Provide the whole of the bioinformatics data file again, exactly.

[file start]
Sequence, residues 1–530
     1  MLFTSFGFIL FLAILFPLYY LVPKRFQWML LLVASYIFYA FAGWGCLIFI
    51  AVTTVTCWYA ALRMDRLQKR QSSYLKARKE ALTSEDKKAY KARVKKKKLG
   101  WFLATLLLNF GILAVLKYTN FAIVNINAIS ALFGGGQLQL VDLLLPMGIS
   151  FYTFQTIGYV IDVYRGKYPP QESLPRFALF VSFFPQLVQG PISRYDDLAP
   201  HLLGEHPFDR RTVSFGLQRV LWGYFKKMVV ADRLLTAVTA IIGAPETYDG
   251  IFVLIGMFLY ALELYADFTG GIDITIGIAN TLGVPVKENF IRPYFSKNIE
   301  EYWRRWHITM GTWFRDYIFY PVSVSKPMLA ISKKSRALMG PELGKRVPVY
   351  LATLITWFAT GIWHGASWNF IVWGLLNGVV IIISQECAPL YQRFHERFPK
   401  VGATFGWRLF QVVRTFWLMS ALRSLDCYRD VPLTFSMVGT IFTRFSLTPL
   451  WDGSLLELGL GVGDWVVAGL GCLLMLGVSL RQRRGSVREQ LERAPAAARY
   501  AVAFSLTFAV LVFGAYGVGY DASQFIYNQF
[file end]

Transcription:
Sequence, residues 1–530
     1  MLFTSFGFIL FLAILFPLYY LVPKRFQWML LLVASYIFYA FAGWGCLIFI
    51  AVTTVTCWYA ALRMDRLQKR QSSYLKARKE ALTSEDKKAY KARVKKKKLG
   101  WFLATLLLNF GILAVLKYTN FAIVNINAIS ALFGGGQLQL VDLLLPMGIS
   151  FYTFQTIGYV IDVYRGKYPP QESLPRFALF VSFFPQLVQG PISRYDDLAP
   201  HLLGEHPFDR RTVSFGLQRV LWGYFKKMVV ADRLLTAVTA IIGAPETYDG
   251  IFVLIGMFLY ALELYADFTG GIDITIGIAN TLGVPVKENF IRPYFSKNIE
   301  EYWRRWHITM GTWFRDYIFY PVSVSKPMLA ISKKSRALMG PELGKRVPVY
   351  LATLITWFAT GIWHGASWNF IVWGLLNGVV IIISQECAPL YQRFHERFPK
   401  VGATFGWRLF QVVRTFWLMS ALRSLDCYRD VPLTFSMVGT IFTRFSLTPL
   451  WDGSLLELGL GVGDWVVAGL GCLLMLGVSL RQRRGSVREQ LERAPAAARY
   501  AVAFSLTFAV LVFGAYGVGY DASQFIYNQF